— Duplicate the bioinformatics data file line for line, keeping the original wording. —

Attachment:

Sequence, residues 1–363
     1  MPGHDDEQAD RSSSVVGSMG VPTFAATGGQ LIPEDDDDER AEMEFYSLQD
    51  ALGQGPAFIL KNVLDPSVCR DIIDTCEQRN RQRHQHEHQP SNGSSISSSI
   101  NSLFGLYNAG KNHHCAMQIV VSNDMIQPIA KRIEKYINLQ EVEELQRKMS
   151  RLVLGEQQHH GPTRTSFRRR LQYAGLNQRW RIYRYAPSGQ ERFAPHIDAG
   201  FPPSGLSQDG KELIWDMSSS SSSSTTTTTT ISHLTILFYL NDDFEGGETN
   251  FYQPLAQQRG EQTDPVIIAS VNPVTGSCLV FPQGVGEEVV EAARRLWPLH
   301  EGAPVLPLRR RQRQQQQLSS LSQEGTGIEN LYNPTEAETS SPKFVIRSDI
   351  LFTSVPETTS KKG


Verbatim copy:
Sequence, residues 1–363
     1  MPGHDDEQAD RSSSVVGSMG VPTFAATGGQ LIPEDDDDER AEMEFYSLQD
    51  ALGQGPAFIL KNVLDPSVCR DIIDTCEQRN RQRHQHEHQP SNGSSISSSI
   101  NSLFGLYNAG KNHHCAMQIV VSNDMIQPIA KRIEKYINLQ EVEELQRKMS
   151  RLVLGEQQHH GPTRTSFRRR LQYAGLNQRW RIYRYAPSGQ ERFAPHIDAG
   201  FPPSGLSQDG KELIWDMSSS SSSSTTTTTT ISHLTILFYL NDDFEGGETN
   251  FYQPLAQQRG EQTDPVIIAS VNPVTGSCLV FPQGVGEEVV EAARRLWPLH
   301  EGAPVLPLRR RQRQQQQLSS LSQEGTGIEN LYNPTEAETS SPKFVIRSDI
   351  LFTSVPETTS KKG